William D. Palmer, Jr., Editor in Chief
William D. Palmer, Jr., Editor in Chief

The first magazine article I ever wrote was in 1985 when I went to work at the American Concrete Institute as the engineering editor on Concrete International. My new boss sent me to Baton Rouge to interview a contractor who was doing brick stamped patterns with integrally colored concrete. I suspect the thinking was that since it was sort of an inconsequential topic, I couldn't do too much damage.

I wrote the article with great enthusiasm for the contractor, the process, and the suppliers. Today, unfortunately, those companies I thought so highly of are long gone, as are many others that were involved in what was then called “architectural concrete.” Some were poorly managed; others took a narrow view and tried to keep the decorative industry as the birthright of a small fraternity of experts sworn to not divulge their secrets to the uninitiated. But something this exciting couldn't be contained forever, and word leaked out, leading to today's explosion of decorative products, techniques, and contractors. Our upcoming list of the top 100 concrete contractors in America will note that decorative revenue for these larger contractors rose from $30.7 million in 2000 to $102.4 million in 2004—and these are not even the small contractors who are doing the bulk of the decorative work. I'm quite sure the growth curve has not yet leveled off.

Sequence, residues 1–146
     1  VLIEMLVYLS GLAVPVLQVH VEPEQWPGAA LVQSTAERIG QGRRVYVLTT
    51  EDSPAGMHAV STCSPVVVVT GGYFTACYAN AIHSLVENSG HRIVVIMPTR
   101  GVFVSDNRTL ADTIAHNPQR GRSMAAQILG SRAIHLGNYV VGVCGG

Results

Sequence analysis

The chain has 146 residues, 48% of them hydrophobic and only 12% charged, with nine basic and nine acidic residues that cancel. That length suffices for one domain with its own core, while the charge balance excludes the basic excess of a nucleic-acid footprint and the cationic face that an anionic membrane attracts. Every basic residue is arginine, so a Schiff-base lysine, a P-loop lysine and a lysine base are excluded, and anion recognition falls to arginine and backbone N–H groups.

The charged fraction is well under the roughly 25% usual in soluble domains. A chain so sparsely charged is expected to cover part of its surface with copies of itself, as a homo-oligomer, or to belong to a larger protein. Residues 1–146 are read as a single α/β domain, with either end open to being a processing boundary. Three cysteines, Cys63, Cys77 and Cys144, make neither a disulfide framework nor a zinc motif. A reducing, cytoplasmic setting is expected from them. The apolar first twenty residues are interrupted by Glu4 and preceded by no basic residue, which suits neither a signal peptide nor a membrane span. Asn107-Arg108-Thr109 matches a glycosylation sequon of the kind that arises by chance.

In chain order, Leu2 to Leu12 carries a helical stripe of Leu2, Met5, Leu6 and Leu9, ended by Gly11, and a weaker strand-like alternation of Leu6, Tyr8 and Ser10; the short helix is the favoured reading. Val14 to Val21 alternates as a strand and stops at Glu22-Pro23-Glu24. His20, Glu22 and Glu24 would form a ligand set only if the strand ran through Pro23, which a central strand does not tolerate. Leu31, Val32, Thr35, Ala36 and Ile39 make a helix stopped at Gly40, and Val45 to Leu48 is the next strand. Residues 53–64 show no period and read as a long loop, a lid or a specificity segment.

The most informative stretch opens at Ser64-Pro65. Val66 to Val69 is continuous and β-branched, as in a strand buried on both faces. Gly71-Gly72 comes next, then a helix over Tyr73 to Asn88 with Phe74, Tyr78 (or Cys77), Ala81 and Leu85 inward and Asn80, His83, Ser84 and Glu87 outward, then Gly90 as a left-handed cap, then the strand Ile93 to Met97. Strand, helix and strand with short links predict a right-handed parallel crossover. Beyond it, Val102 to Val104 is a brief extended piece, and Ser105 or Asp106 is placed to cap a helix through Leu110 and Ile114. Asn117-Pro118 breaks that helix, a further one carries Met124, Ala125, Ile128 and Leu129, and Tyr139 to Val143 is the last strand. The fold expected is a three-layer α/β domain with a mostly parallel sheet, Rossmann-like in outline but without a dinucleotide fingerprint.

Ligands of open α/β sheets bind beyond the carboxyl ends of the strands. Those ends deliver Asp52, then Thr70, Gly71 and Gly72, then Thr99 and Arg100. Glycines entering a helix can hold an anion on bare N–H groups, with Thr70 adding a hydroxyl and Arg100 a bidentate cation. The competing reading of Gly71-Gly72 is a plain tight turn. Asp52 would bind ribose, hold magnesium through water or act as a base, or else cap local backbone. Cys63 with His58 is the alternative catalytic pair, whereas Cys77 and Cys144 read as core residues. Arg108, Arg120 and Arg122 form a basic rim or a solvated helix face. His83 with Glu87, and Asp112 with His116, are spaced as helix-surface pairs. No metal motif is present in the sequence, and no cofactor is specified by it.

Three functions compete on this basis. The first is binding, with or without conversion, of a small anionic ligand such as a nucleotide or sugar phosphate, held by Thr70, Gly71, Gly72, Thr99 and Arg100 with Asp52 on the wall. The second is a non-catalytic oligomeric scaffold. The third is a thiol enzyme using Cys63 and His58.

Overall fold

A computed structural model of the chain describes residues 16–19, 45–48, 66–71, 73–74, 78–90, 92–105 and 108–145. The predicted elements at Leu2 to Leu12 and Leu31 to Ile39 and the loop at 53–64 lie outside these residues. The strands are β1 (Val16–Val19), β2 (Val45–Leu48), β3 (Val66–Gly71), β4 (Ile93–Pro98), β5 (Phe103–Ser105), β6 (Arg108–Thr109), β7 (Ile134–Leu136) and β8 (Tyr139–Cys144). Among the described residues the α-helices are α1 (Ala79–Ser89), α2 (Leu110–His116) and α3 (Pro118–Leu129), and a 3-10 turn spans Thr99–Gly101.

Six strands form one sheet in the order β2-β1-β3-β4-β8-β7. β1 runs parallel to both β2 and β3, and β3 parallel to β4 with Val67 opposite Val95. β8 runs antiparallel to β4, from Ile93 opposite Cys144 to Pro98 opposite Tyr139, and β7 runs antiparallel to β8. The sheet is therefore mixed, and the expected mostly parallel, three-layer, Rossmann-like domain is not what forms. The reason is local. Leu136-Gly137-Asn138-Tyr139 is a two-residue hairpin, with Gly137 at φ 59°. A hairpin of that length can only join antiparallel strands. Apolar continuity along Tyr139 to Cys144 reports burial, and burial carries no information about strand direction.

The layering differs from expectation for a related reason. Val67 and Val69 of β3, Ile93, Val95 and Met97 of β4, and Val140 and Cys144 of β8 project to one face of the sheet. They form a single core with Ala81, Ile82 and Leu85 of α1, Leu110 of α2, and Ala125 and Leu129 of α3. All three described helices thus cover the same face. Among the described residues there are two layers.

To foster and support this decorative concrete revolution, the magazine you are holding in your hand is Concrete Construction's first annual special decorative concrete issue. Although we cover decorative concrete every month, and have been writing about it since our founding 50 years ago, our hope is that this special issue will provide one more tool towards raising the bar for professionalism in this dynamic, but frankly immature, industry. This decorative concrete business that is so innovative and creative needs to grow up. Our goal is to provide a resource for expanding and improving the craft and the business of decorative concrete. While the craft side of decorative concrete has dominated the story, including at CC's Artistry in Concrete demonstrations at the World of Concrete, the business side is at least as important. This dynamic industry needs to look toward things like certification, standards, quality control, and good business sense. Those who learn that lesson will thrive, unlike the little decorative company I wrote about 20 years ago.